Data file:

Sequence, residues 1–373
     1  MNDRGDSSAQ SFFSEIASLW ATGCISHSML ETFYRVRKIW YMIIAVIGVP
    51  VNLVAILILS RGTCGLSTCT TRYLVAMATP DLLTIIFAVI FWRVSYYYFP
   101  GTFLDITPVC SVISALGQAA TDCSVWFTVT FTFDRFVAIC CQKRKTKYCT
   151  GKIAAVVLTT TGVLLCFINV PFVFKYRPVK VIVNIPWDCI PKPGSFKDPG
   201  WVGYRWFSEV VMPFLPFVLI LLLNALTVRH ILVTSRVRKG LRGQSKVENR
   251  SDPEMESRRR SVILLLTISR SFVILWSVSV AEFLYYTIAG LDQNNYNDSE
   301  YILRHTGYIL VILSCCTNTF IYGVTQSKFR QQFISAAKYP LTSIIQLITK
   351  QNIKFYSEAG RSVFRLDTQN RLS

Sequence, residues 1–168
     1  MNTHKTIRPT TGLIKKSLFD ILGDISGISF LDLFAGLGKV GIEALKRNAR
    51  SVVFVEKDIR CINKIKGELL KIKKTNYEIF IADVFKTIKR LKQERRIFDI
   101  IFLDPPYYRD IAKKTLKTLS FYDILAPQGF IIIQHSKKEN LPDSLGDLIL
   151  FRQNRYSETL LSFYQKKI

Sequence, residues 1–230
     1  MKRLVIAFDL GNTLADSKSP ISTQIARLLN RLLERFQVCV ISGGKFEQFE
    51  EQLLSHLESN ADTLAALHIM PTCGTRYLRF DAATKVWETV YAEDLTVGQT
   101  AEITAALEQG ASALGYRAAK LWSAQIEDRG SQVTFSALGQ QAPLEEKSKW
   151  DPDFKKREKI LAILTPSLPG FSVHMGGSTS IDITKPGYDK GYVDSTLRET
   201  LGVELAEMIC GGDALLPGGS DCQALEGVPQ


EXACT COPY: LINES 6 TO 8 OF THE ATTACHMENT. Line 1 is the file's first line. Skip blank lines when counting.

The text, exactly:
   201  WVGYRWFSEV VMPFLPFVLI LLLNALTVRH ILVTSRVRKG LRGQSKVENR
   251  SDPEMESRRR SVILLLTISR SFVILWSVSV AEFLYYTIAG LDQNNYNDSE
   301  YILRHTGYIL VILSCCTNTF IYGVTQSKFR QQFISAAKYP LTSIIQLITK